E-ISSN 2602-3164
ejmi. 2019; 3(1): 37-40 | DOI: 10.14744/ejmi.2018.68442

Attitudes of Physicians to Their Own Migraine: Can we Really Treat Ourselves?

Mirac Aysen Unsal1
1Department of Neurology, Sultan Abdulhamid Han Training Hospital, Istanbul, Turkey Sultan Abdulhamid Han Training Hospital, Neurology Department

Objectives: Despite its high prevalence and association with significant disability, up to half of individuals who fulfill the diagnostic criteria for migraine have never received a formal diagnosis from a physician. In this cross-sectional study, we aimed to examine physicians' approaches to their own headaches, treatment choices, and disability using a questionnaire. Methods: The 27-item questionnaire collected data on demographic characteristics, migraine screening questions, number of migraine attacks per month, headache severity on a visual analog scale, preventive and acute treatments for migraine, number of days working when ill and days of missed work, and reasons for consulting a neurologist less than needed. Results: Among 198 migraneurs, only 42 (21.2%) had a consultation with a neurologist at any time of their lives, and 76 physicians (48.7%) said that they lacked time for a neurology visit. Conclusion: Migraine headache remains an under recognized and undertreated disease despite the availability of effective treatment options even among physicians. Keywords: Headache, migraine, migraine among physicians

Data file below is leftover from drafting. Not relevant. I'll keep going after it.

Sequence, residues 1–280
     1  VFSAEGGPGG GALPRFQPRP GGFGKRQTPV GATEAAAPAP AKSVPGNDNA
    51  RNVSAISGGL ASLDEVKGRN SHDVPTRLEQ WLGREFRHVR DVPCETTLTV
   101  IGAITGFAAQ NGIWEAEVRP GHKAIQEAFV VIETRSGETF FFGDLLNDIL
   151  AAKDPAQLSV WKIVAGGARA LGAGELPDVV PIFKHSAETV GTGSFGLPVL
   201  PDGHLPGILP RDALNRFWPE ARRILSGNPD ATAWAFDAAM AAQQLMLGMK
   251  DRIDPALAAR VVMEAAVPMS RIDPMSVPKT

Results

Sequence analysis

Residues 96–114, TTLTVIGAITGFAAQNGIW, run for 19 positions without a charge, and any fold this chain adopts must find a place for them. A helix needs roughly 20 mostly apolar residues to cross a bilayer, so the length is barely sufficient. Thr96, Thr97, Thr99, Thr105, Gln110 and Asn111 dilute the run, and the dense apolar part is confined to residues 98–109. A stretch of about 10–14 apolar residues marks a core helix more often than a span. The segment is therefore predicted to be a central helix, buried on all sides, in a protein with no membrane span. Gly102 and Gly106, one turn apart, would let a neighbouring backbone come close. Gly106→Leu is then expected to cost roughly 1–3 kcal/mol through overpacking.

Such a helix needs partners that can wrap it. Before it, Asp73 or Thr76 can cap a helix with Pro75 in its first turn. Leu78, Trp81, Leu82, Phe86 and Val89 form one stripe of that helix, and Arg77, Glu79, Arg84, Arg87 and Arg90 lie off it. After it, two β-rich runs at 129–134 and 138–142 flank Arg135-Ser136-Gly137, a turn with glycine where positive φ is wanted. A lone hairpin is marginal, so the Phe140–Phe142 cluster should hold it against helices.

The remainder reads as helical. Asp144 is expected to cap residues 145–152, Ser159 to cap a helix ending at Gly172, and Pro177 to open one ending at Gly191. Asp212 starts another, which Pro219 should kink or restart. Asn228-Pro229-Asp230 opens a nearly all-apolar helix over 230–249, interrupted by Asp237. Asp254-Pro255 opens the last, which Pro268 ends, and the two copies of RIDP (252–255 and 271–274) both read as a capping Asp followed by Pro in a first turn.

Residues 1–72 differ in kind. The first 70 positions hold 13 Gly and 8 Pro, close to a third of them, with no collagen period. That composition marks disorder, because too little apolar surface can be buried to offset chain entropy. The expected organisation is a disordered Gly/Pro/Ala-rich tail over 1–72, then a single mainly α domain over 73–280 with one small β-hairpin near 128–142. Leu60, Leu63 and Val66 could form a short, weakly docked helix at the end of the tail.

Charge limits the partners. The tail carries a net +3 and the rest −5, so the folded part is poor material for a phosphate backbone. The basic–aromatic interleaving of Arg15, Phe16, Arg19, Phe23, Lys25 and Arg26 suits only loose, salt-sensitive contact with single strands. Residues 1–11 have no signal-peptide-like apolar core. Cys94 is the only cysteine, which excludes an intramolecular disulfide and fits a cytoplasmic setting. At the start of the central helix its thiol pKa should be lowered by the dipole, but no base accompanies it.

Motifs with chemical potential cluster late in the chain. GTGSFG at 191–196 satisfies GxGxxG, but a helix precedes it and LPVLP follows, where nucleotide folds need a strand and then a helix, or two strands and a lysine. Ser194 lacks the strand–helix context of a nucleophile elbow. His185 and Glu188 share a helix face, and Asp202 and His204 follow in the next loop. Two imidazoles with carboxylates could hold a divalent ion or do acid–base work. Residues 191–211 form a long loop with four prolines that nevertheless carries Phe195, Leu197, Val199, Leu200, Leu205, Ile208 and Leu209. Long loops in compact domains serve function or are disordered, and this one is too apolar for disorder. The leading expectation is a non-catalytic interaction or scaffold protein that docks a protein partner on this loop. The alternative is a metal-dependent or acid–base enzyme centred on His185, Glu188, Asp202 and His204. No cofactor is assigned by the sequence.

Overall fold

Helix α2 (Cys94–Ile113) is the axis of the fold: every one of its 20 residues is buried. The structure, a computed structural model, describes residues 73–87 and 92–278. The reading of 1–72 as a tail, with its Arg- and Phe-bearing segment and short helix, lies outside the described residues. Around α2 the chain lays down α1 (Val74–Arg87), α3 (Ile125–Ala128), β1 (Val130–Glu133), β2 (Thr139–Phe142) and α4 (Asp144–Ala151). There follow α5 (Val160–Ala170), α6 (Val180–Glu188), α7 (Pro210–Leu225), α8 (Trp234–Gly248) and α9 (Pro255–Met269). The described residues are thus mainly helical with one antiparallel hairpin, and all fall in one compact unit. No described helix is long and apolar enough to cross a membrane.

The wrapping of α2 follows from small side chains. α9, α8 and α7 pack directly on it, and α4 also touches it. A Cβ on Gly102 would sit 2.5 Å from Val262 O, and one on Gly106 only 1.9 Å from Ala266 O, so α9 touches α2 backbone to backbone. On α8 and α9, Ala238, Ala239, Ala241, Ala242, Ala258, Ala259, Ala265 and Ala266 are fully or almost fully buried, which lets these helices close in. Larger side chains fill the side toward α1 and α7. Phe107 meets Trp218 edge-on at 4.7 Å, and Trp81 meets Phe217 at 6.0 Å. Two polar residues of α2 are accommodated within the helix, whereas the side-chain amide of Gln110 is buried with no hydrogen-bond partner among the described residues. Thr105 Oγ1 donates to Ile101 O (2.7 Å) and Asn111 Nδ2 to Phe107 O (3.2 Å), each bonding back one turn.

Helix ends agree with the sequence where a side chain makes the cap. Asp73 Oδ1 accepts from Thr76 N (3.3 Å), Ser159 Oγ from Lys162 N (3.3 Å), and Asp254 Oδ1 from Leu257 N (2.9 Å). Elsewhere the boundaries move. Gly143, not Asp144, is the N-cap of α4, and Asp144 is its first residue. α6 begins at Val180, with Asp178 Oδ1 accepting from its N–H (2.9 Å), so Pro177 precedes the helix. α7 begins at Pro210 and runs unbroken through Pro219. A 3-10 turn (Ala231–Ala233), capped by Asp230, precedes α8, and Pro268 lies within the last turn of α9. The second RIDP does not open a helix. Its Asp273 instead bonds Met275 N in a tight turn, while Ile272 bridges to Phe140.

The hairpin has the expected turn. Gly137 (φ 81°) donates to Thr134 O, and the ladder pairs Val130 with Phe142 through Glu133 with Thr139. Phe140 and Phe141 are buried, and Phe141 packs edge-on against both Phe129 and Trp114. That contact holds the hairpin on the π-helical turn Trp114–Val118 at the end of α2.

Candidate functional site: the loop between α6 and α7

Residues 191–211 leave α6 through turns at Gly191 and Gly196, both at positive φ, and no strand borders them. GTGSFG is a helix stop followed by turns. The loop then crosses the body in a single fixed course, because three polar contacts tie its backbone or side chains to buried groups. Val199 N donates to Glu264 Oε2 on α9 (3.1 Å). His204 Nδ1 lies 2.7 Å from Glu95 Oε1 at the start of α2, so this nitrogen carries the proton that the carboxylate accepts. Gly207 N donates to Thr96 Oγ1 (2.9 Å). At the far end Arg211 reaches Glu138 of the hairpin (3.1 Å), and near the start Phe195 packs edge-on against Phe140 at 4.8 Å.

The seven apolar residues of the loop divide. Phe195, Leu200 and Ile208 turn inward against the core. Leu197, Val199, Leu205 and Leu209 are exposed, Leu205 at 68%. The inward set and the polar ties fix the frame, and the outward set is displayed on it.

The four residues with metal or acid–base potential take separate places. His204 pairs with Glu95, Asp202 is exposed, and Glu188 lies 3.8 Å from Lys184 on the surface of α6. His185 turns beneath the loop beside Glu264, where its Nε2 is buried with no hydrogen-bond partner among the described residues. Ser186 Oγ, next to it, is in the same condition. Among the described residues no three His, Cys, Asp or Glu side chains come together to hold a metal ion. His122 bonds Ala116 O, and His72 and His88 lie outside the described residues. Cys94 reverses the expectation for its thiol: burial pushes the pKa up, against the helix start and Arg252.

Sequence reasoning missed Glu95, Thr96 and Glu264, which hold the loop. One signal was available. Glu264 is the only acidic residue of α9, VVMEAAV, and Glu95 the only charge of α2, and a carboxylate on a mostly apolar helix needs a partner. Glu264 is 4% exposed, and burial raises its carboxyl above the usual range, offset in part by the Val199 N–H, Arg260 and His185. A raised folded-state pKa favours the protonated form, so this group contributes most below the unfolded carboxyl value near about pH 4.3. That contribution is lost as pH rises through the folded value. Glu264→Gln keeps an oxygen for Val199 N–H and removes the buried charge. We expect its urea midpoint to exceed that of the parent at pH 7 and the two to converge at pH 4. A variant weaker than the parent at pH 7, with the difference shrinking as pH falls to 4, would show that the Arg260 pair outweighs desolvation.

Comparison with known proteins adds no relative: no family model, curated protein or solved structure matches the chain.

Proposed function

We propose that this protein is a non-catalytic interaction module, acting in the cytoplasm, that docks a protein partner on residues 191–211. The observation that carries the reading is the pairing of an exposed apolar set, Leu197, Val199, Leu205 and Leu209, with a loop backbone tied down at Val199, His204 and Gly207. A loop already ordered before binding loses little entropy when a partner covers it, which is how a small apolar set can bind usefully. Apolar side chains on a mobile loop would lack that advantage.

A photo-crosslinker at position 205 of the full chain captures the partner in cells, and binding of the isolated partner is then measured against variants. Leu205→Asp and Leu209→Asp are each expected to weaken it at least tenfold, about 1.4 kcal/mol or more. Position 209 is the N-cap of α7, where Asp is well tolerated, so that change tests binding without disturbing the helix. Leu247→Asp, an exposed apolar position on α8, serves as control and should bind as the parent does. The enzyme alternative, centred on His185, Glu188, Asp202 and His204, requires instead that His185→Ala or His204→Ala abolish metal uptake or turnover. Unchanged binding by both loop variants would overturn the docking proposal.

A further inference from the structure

Cite This Article

Unsal M. Attitudes of Physicians to Their Own Migraine: Can we Really Treat Ourselves?. ejmi. 2019; 3(1): 37-40

Corresponding Author: Unsal M.

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